Sometimes a tap tempo switch won’t fit or you may simply not want to spend the extra money. I feel Strymon could have given us that on-board. It could have been designed to where the tremolo switch could be held down for 2 seconds, turning on tap tempo for that side. Then you tap in the tempo and after a few seconds the pedal automatically returns to regular mode. Robert Keeley got this right with the Keeley Hydra and the Keeley Halo. I don’t use tremolo often enough to warrant the extra switch. That’s a fail in my opinion. My main live board is getting a Flint V2, and that board has MIDI clock, so at least I’ll be able to enjoy that. During most of my use of my Flint V1, it really has bothered me quite a bit not having on-board tap tempo control.
Is the Strymon Flint Still Worth It?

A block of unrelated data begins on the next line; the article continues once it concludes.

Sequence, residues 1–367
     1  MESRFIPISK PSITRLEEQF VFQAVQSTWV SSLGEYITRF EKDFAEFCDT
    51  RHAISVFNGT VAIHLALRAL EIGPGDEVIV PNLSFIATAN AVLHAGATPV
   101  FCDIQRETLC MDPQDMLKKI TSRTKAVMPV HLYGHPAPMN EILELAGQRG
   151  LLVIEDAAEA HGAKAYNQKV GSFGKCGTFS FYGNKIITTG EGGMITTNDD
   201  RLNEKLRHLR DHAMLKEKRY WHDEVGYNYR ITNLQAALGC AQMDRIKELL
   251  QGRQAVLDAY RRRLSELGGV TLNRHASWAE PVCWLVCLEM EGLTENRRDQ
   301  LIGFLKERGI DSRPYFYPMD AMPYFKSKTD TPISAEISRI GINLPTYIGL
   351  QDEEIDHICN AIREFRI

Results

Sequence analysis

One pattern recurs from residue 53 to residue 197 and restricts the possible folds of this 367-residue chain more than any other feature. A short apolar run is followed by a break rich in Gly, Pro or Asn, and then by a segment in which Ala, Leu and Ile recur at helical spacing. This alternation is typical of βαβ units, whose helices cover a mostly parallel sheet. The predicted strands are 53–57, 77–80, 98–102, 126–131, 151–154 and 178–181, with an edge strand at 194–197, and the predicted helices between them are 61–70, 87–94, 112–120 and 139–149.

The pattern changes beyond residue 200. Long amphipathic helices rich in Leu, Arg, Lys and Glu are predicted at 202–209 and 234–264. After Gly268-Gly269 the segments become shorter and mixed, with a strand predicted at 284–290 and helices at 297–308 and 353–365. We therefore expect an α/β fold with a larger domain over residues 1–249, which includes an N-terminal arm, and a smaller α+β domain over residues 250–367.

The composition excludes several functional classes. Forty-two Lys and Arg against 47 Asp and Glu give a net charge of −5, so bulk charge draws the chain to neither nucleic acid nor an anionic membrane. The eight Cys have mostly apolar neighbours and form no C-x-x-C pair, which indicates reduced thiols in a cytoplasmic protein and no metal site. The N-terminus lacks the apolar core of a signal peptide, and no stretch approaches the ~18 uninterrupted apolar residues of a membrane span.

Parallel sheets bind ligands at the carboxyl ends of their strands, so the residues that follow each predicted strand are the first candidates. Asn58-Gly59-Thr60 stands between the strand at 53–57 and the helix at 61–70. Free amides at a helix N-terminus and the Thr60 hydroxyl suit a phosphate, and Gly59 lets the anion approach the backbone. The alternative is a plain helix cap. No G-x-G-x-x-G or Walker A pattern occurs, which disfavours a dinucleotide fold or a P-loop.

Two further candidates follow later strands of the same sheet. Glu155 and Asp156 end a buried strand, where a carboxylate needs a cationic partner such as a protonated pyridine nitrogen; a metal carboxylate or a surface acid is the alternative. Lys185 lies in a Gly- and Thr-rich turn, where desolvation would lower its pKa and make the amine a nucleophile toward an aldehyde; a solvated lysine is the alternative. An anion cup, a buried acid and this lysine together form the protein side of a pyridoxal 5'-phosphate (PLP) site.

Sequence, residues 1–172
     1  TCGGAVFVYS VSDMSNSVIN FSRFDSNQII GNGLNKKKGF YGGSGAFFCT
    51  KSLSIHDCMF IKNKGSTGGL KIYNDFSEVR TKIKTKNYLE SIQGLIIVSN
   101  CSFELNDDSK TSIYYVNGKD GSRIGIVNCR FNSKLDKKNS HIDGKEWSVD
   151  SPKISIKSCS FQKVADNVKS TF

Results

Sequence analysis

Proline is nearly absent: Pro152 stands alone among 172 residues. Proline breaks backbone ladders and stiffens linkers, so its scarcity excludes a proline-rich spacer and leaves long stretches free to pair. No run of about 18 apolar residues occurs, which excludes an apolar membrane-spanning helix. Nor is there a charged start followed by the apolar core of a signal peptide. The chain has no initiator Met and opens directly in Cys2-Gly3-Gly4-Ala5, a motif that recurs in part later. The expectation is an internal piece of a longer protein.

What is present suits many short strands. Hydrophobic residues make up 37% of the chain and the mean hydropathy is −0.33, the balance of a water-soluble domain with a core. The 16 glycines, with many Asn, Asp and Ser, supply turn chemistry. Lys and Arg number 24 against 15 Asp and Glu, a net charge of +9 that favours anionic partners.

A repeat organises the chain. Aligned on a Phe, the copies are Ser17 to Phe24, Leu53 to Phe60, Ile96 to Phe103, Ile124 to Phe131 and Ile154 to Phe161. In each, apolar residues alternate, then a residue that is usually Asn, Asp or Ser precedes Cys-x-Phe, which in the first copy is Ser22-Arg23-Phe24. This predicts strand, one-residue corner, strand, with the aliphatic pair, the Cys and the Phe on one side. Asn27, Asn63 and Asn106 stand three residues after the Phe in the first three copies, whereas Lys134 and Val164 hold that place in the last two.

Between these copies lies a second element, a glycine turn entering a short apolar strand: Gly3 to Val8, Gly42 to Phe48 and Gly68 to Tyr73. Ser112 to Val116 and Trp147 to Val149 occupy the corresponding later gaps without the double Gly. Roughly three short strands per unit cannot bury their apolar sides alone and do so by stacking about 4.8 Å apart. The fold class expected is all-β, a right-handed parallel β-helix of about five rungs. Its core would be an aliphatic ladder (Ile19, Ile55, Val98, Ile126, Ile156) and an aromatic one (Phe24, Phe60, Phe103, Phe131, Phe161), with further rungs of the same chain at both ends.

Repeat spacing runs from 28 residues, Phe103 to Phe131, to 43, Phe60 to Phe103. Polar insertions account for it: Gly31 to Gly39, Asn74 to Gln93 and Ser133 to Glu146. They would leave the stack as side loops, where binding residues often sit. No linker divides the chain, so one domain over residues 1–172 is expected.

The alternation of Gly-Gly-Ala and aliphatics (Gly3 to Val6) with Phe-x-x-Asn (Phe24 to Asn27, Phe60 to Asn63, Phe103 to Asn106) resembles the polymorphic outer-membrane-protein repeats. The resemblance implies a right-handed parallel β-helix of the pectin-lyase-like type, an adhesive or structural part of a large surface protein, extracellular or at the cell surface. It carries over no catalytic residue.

So in the end, is the Strymon Flint still worth it? Absolutely. It’s still one of the best-sounding and most utilitarian reverbs out there. It’s a reverb pedal that offers amazingly useful standard reverb sounds without adding a bunch of shimmery ambient stuff that many guitarists don’t need. It does less than other reverb pedals, but what it does, it does incredibly well. It also offers less distraction since you’re not going through endless menus and there’s no vast list of reverb algorithms. It does however offer one of the most discreet infinite reverbs out there. Try it. Turn the decay knob to full and you’ll see what I mean.